Here is the truth. After negotiations between students and management, the Koori Centre has remained a space for Aboriginal and Torres Strait Islander students so far. It is equipped with a study area, library, and a common room. While these are the bare essentials, there has been major staff shortage in the space and most of the rooms that used to be offices are empty. The Koori subjects are now being amalgamated into the Education and Social Work Faculty.
As far as we know, there is a five-year plan to build another space within the University known as The National Centre of Cultural Competence. While there have been many questions and concerns regarding the changes in the Koori Centre, we cannot make a judgment on this strategy yet. One legitimate worry, however, is the fact that there has still been no immediate improvement to the conditions of the support network for the students.
The remainder of the year was about increasing the awareness of Indigenous issues and presence in the University. The collective made history this year by having the first Aboriginal student councilor to be elected by the students and the first Aboriginal Vice-President of the SRC. To further achieve this goal, the Indigenous students founded the Wirriga Society. This society is open to all students of the University and encourages the coming together of cultures to gain understanding between them. Wirriga has also been given the opportunity to co-ordinate the Indigenous Festival
This year, we will be pushing for the Aboriginal and Torres Strait Islander flags to be permanently flown on campus along with some physical changes to our space in Old Teachers’ College to promote our culture. We will continue with our aim to work collaboratively with staff and management and hold regular autonomous BBQs and lunches across campus for all Aboriginal and Torres Strait Islander students.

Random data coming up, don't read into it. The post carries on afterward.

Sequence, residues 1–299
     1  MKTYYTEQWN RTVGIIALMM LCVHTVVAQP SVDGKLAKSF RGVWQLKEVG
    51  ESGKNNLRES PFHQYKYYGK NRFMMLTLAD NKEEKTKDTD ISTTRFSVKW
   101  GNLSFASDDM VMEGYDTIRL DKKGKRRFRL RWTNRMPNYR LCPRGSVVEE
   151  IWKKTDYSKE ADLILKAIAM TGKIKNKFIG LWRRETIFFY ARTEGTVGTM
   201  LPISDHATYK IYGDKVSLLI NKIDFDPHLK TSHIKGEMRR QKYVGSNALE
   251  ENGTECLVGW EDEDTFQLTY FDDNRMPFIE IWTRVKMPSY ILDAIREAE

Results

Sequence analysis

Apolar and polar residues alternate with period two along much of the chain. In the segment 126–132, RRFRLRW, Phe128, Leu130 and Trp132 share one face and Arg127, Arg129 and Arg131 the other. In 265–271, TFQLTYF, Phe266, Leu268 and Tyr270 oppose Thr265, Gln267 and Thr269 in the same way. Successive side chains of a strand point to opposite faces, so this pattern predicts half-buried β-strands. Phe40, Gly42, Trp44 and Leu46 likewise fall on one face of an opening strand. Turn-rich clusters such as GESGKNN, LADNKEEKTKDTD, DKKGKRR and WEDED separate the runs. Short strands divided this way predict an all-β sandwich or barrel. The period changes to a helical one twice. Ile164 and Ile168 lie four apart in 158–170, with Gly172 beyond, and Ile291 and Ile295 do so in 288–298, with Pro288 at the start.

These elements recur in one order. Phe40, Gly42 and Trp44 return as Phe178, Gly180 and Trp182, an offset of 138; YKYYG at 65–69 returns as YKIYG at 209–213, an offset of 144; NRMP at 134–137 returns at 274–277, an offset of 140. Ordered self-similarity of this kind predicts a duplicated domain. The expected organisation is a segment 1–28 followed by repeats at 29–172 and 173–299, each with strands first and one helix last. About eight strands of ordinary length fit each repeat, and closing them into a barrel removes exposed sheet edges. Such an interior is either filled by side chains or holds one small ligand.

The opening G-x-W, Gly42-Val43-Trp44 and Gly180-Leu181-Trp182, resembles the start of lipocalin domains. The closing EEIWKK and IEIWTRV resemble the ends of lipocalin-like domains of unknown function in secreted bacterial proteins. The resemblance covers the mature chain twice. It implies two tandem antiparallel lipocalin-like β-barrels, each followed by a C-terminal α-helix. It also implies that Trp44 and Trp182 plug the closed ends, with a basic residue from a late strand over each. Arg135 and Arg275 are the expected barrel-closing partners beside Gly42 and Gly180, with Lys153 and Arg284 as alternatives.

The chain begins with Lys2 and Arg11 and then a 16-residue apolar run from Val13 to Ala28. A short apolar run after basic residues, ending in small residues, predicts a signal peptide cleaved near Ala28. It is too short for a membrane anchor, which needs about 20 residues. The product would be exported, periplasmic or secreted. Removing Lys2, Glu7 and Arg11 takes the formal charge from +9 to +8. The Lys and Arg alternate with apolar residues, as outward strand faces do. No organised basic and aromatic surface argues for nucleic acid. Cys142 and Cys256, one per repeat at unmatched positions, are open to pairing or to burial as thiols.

The Indigenous Office Bearers for 2014 are Crystal Dempsey, Madison McIvor, Brad Hanson, and Kyol Blakeney. You can contact them at email@example.com.
Vice Presidents’ Report: Laura Webster & Max Hall
We’ve always thought it was slightly unfair that Sydney Uni management do little else but treat students as nothing more than numbers on a page. In order to celebrate the release of the new Veronica Mars movie (which one of your VPs watched at 3 in the morning) we decided to do some not-so-subtle sleuthing to find those dirty facts the Uni doesn’t want you to know.
You, dear reader, are likely a non-Indigenous, Australian wom*n who was raised in the affluent Inner West… you’re also studying a BA. The numbers don’t lie and the numbers paint an interesting picture of the people that populate your lecture theatres, dictatorially dominate your tutes and get between you and a meat box after a hard days study at the neoliberal factory. Inside these sandstone walls, 57% of 53 000 students are female, just ahead of the national average of 56%. International students comprise 22%, while regional and Indigenous students make up only 5.6% and 0.8% of the populace respectively.
This places USyd behind the national average in intake of both regional (6.5%) and Indigenous students (1.1%). These shortcomings, whilst embarrassing, don’t come close to the extraordinary underrepresentation of people from a low socio-economic background. Nationally, 17% of students come from a low SES area. At USyd, that number halves to 8.6%.
These statistics are damning to a University that claims to be “founded on principles of diversity and equity”. If Spence continues to run with this people pleasing line, he should closely follow it up with “but if you have the dollars, I have your acceptance letter!”. No brochure filled with buzzwords can apologise for the inequitable reality that this number represents, no matter how much money the university throws at ‘media consultants’ to cover it up. If education remains the silver bullet that improves the livelihood of all who receive it, then our University is failing abysmally to share this.
It goes without saying that an attachment to traditional demographics and tuition cheques should never be allowed to stand in the way of an inclusive and socially conscious admissions policy; yet if recent alterations to housing scholarships are anything to go by it seems as though the university could care less. These changes will leave students in need of accommodation unsure whether they will receive assistance until well into the semester – long after they have signed a lease and begun paying rent (which is also ridiculously high). Students in need of help = not Spence’s division.
Management and admin must stop thinking about their ludicrous pay checks and realise that education is a privilege owed and deserved by all who seek it, rather than a commodity exchanged with those who can afford it.